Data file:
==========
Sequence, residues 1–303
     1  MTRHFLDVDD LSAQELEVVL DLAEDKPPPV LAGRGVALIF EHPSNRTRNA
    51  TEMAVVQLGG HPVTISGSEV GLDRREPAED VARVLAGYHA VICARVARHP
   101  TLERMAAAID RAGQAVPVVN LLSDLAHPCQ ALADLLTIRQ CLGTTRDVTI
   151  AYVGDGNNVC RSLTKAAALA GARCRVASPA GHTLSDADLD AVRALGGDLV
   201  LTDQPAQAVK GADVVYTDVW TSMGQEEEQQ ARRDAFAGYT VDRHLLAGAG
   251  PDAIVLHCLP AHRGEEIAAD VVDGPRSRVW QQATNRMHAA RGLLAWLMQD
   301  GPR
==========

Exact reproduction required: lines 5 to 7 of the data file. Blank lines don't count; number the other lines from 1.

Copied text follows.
   151  AYVGDGNNVC RSLTKAAALA GARCRVASPA GHTLSDADLD AVRALGGDLV
   201  LTDQPAQAVK GADVVYTDVW TSMGQEEEQQ ARRDAFAGYT VDRHLLAGAG
   251  PDAIVLHCLP AHRGEEIAAD VVDGPRSRVW QQATNRMHAA RGLLAWLMQD